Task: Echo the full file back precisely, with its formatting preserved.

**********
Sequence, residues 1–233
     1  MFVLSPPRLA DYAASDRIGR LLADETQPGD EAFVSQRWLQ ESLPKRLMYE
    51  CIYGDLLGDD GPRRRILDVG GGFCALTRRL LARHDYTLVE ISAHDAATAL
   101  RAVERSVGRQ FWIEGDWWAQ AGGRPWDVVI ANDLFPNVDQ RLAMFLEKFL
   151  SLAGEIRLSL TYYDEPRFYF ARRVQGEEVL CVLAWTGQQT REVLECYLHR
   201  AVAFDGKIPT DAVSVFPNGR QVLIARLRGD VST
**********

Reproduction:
Sequence, residues 1–233
     1  MFVLSPPRLA DYAASDRIGR LLADETQPGD EAFVSQRWLQ ESLPKRLMYE
    51  CIYGDLLGDD GPRRRILDVG GGFCALTRRL LARHDYTLVE ISAHDAATAL
   101  RAVERSVGRQ FWIEGDWWAQ AGGRPWDVVI ANDLFPNVDQ RLAMFLEKFL
   151  SLAGEIRLSL TYYDEPRFYF ARRVQGEEVL CVLAWTGQQT REVLECYLHR
   201  AVAFDGKIPT DAVSVFPNGR QVLIARLRGD VST